THE SYMBOLIC SPECIES. By Terrence Deacon. Penguin Pounds 20.
Colin Tudge considers how symbolic thought sets man apart from the animals
Rene Descartes suggested in the 17th century that thought depends upon language and since animals have no language comparable with ours, he concluded that they cannot think. QED.
Generations of animal lovers since have known in their bones that animals do work things out and are wont to bewail: "If only Rex Joey Tiddles could speak!" Professor Herb Terrace of Columbia University, New York, declared at a Royal Society symposium on animal intelligence in 1984: "Of course animals think. Our task is to find out how they do it without language. " Then there is the small matter of consciousness. Even if animals think, do they know that they are thinking? Do they know that they exist at all?
Terrence Deacon has provided what seems to me to be good working answers to these ancient questions and a great deal else besides. Even the lowliest creatures "think" up to a point. But human beings have evolved an extra trick which none of the others have, and it makes all the difference.
To behave as they observably do, animals cannot simply operate like a telephone exchange as the behaviourists hypothesised. They must create some internal representation of the world around them, and then manipulate this representation. This is "thought".
But Deacon identifies three levels of representation of increasing complexity, sophistication, and usefulness; and the difference between them is critical. At the lowest level is the icon, simply a reflection of the outside event. More complex is the index, compounded of icons, which represents correlations between different events that may be separated by space andor time. At the highest level is the symbol - a kind of meta-sign, which actually signifies other symbols and the relationship between them. The icon and the index both refer more or less directly to the world outside, but a creature that can symbolise can create an entire, literally imagined universe inside its own head, which need be referred to the world outside only for the purposes of checking.
The brain that can symbolise can rehearse the future, planning entire scenarios in minute detail, bringing to bear its symbolised memories of the past. For a brain that can represent the world symbolically the universe is its oyster.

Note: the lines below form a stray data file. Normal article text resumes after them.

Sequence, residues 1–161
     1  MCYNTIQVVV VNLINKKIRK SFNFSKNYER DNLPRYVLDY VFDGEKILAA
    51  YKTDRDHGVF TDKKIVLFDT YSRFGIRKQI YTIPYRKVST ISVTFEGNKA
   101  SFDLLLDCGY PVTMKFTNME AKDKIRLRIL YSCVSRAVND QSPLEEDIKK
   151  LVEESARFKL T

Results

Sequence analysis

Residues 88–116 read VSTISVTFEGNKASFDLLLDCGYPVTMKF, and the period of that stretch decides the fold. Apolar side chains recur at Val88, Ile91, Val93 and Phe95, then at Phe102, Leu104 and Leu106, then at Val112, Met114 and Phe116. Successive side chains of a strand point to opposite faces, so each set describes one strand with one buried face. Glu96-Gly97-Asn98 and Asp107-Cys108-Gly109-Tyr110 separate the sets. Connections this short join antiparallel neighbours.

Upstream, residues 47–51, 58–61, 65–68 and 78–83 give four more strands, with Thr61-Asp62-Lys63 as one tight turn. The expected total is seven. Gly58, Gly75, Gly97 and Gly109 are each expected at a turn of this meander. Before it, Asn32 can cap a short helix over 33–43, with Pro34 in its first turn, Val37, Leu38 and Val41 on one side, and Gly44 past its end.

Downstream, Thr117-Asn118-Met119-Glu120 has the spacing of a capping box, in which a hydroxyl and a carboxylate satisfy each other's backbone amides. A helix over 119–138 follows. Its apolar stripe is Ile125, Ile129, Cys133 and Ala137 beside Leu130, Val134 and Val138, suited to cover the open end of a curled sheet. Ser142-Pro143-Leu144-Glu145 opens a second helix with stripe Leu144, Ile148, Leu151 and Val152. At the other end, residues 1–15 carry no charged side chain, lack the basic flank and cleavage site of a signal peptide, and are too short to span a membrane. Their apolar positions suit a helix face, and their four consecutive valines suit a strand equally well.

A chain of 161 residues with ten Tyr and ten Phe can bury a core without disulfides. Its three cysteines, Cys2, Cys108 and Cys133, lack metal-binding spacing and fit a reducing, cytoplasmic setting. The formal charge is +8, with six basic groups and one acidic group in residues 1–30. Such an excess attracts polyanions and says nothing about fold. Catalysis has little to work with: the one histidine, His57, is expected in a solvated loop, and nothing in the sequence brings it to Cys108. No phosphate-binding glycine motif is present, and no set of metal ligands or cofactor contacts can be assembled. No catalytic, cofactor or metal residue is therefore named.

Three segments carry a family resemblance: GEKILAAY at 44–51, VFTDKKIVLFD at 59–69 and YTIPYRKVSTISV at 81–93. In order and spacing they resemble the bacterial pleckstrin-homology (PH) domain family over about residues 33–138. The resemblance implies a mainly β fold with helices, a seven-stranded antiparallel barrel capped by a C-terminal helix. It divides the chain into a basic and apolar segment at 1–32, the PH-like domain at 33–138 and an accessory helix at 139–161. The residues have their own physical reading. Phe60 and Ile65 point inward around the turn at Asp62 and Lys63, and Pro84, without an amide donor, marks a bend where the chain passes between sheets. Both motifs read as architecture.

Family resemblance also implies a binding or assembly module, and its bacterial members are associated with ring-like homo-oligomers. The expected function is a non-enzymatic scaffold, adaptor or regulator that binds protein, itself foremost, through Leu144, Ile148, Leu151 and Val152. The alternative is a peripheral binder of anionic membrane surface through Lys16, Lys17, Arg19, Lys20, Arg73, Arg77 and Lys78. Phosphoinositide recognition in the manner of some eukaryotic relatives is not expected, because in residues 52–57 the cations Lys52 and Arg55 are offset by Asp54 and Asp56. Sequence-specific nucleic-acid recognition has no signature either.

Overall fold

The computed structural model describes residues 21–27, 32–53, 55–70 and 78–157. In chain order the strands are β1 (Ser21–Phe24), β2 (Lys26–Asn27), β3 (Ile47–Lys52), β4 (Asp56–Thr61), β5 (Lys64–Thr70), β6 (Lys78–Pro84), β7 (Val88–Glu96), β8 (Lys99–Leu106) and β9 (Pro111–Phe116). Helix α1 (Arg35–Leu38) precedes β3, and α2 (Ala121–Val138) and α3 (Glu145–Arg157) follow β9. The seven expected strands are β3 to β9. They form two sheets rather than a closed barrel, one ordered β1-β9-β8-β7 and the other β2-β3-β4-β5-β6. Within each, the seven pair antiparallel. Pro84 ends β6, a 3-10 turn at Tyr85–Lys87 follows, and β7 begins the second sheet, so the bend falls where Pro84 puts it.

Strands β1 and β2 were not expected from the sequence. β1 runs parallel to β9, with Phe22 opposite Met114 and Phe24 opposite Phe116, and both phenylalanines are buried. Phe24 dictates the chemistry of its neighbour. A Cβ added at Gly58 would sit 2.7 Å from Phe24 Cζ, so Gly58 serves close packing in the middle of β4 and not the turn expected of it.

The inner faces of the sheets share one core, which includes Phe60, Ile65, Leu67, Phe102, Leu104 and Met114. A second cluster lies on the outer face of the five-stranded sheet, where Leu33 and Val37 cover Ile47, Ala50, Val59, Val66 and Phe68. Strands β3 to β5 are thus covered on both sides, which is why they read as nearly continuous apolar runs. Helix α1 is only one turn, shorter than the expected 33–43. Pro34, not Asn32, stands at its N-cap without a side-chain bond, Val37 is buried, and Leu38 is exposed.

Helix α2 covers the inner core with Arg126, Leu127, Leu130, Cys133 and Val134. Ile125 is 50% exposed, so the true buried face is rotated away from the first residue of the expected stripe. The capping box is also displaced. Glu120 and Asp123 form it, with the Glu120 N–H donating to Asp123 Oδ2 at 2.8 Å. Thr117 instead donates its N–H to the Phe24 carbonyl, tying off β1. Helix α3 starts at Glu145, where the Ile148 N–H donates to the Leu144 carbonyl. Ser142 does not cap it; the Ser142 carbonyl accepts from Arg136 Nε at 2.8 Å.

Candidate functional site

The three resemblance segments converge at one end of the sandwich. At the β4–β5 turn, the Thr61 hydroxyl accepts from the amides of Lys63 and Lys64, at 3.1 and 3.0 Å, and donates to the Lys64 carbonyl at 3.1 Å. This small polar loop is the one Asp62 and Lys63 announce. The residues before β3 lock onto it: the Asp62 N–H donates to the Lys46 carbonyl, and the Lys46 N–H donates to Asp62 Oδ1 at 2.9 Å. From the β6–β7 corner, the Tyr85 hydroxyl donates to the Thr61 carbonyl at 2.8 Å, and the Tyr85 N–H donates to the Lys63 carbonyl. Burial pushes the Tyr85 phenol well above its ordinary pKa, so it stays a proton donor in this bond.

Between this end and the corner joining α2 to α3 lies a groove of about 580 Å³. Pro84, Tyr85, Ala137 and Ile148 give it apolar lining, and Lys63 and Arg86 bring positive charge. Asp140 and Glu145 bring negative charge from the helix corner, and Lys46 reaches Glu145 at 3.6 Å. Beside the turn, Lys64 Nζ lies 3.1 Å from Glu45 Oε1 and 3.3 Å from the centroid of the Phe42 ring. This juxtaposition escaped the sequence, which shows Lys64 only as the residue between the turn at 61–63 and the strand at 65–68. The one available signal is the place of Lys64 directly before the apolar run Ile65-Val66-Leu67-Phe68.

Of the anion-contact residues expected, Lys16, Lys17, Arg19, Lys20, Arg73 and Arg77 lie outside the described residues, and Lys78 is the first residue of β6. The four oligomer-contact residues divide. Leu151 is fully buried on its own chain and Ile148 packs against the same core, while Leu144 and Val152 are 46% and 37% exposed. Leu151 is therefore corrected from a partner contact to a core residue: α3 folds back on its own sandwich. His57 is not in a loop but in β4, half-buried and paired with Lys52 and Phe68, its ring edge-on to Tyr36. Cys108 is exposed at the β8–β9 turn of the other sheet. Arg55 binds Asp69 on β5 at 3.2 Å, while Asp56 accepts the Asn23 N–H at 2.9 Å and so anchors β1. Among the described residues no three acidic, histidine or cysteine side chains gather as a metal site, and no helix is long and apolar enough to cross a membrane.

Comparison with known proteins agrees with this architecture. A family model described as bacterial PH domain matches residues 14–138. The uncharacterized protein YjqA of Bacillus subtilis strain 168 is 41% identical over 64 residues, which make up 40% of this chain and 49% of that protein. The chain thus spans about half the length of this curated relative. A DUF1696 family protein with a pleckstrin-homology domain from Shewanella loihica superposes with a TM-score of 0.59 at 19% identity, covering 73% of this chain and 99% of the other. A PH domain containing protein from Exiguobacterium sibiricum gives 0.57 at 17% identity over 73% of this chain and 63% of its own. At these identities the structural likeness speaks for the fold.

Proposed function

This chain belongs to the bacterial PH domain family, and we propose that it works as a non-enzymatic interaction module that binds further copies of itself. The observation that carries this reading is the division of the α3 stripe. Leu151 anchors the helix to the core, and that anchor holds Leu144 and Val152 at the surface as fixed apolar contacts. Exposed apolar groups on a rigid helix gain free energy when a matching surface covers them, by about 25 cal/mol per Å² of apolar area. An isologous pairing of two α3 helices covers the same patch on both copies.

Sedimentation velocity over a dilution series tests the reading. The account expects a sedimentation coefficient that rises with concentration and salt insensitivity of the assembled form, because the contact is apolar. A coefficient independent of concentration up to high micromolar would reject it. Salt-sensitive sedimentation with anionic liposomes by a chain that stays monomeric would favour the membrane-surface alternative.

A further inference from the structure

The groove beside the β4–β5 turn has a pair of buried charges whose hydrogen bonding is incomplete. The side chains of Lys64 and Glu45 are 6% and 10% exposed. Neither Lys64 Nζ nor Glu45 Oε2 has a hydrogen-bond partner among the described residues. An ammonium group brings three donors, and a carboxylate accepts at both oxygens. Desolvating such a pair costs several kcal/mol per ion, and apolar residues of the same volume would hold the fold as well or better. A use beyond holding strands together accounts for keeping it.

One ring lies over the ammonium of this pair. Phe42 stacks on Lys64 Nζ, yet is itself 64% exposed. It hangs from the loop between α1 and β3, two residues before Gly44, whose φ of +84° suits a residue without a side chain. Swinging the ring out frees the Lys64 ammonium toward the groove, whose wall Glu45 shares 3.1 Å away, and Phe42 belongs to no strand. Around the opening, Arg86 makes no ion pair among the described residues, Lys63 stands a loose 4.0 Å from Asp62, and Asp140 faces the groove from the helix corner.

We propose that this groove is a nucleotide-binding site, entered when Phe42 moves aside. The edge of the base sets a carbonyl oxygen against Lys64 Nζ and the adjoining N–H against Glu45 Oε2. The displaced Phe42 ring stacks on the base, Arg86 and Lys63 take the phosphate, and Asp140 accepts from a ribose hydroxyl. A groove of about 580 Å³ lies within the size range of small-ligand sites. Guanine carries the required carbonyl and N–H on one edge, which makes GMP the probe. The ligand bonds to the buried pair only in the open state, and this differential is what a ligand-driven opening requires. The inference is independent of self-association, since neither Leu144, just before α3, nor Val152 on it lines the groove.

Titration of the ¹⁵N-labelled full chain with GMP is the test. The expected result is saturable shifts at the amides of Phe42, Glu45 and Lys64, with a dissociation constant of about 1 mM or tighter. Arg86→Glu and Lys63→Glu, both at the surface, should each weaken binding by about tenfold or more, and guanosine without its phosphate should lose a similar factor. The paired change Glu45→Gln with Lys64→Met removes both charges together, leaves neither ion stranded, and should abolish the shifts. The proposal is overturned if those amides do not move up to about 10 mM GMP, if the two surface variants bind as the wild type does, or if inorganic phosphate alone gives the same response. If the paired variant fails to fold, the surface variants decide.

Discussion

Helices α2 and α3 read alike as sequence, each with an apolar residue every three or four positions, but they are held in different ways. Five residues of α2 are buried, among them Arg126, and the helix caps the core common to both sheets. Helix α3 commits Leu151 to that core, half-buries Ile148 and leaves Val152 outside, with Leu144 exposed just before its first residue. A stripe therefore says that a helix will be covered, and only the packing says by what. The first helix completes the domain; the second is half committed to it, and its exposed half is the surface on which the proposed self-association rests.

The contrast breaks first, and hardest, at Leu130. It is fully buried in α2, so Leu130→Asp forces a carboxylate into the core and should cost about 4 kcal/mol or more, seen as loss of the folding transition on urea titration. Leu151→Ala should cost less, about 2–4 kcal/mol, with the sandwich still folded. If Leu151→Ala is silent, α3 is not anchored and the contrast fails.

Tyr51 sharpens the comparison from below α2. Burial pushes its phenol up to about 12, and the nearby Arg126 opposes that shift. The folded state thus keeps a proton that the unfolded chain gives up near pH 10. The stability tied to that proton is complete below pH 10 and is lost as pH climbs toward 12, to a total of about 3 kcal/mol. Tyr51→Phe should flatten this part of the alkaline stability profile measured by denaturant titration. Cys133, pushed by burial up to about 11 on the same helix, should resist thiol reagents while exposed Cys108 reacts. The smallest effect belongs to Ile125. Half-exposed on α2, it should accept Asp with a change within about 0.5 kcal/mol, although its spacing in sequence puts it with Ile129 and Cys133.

The one Earthly creature that has evolved the skill to symbolise is, of course, ourselves. The symbols are the raw materials of human language. In ecology, as in war, the tiniest tricks make the difference between overwhelming success and abject failure. William I is supposed to have won at Hastings primarily because his horsemen had stirrups: the side that had the technical innovation, albeit an unspectacular one, obliterated the other. The internal manipulation of symbols, as opposed to cumbersome icons, is just a mental trick, though far from trivial. Thus equipped, Homo sapiens has emerged as a new kind of creature, unprecedented on this Earth, that has absolutely dominated all the rest.
With this simple notion, much else seems to fall into place. Descartes was wrong to suggest that animals do not think. They clearly do, as Deacon says; and we need not suppose that they can refer only to what is immediately around them, or are unable to recall the past andor contemplate the future. But Descartes was right to identify a qualitative difference between human and animal thought. Language is indeed the key. We represent the world to ourselves in symbols while the others must work with less versatile imagery, like scene shifters.
Modern evolutionary psychologists suggest, too, that our brains have been shaped like the rest of us by natural selection, and that our genes predispose us to particular predilections and ideas - a notion that some have chosen to misunderstand and take exception to.
Well, genes certainly underpin all life on Earth but as Christopher Badcock of the London School of Economics is wont to remark, "Genes make brains"; and when brains start to play with symbols, arbitrary and abstract representations of the world, they build dreams from them which become reality. Our brains have indeed evolved by natural selection and are definitely an asset, but because they have evolved the skills they have they can lead us into very weird territory.
Several fine and illuminating books on the working of the brain, including Marvin Minsky's The Society of Mind and John Tooby and Leda Cosmides's The Adapted Mind, have appeared since John Maynard Smith remarked in the 1970s that this was the great unsolved mystery of biology. Terrence Deacon's book takes us another step forward. We're getting there.
Colin Tudge is a research fellow of the Centre for Philosophy at the London School of Economics